Carpocrates

The Gnostics believed that the true God (big G) was outside creation, and that this inferior world was created by either evil angels or a deluded, lying, lesser god (little g). This lesser force of creation is variously called the Demiurge or Ialdabaoth (pronounced just like it looks...).

Further, they held that each person contains a spark of the Divine that must be awakened in order to return to God.

A 3rd Century A.D. gnostic named Carpocrates wove these concepts into a fascinating doctrine of reincarnation. His teachings held that because the soul is invested with the divine, it cannot be corrupted. It must live in many bodies, life after life, in order to experience everything before it could be freed from the cycle of reincarnation to return to God.

Carpocrates was interested in speeding up this process. He held that because this world was created by an inferior god, the moral codes and laws of this world are also inferior. To experience everything, one would have to ignore the prohibitions on certain behaviors. By committing acts that society calls sins or crimes, the Carpocration Gnostic was simply paying the price of salvation. Sort of an early example of "if it feels good, do it."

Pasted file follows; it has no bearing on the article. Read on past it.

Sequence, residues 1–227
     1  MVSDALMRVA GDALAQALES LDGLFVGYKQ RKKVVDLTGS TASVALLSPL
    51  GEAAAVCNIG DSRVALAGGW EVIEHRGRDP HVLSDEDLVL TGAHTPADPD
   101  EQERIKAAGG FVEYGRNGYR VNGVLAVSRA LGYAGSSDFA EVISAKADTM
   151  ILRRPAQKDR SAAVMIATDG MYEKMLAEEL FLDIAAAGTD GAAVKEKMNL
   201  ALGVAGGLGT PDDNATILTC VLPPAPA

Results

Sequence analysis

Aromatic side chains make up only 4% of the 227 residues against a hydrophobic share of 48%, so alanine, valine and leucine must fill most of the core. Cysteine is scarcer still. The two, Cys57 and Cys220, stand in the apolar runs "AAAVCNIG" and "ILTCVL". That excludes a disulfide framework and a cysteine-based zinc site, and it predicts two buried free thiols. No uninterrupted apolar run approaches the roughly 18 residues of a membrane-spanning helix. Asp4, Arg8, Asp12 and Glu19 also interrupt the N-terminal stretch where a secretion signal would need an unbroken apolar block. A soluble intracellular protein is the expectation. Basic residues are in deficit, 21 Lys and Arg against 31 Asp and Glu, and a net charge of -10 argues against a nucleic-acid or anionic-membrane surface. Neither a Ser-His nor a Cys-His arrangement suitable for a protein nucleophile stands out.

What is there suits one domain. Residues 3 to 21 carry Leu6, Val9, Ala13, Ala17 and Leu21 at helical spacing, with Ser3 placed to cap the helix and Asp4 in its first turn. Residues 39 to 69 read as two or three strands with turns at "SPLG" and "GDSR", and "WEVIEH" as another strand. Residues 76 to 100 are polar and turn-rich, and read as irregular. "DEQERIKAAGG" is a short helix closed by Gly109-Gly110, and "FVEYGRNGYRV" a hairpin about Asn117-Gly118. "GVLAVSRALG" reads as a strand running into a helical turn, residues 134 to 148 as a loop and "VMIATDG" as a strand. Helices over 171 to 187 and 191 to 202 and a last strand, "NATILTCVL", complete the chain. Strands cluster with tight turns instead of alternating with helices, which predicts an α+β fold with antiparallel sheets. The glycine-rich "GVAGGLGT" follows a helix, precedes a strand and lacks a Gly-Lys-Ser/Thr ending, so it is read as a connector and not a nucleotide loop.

Taken to its logical extreme, though, this doctrine is exhausting. If nothing is prohibited, then everything is compulsory. In practice, however, Carpocration rule breaking involved mostly sex. According to contemporary historians, they lived licentious lives, practiced various sexual magics, and sold love potions in order to fund their lifestyles.

For a few paragraphs now, you have been thinking, "O.K. Linus, why are you telling us about Carpocration Gnosticism?"

Glad you asked.

I got this cool book called the Encyclopedia of Heresies and Heretics and it rocks. Because it is in alphabetical order it is difficult to get a sense of the chronology of things, but I am beginning to see the larger patterns of heretical behavior.

Having said that, I realize that I am likely the only person in our happy little flock who is interested in this topic. Rather than bore you all to death in person, I thought I'd get it out of my system here, where you can all follow Clay's example and skip to the end.

I guess I should have told you that at the top of the post...
Sorry - my bad.

2 comments:

Anonymous said...

Excuse me, but: "Ialdabaoth (pronounced just like it looks...)" could mean Ee-aldobaoth or Eye-aldobaoth...! The word has also been written Yaldobaoth, which leaves the pronunciation of the "I" still in question!!

His Sinfulness said...

Um... right. Which is why that's a joke. Try to keep up.

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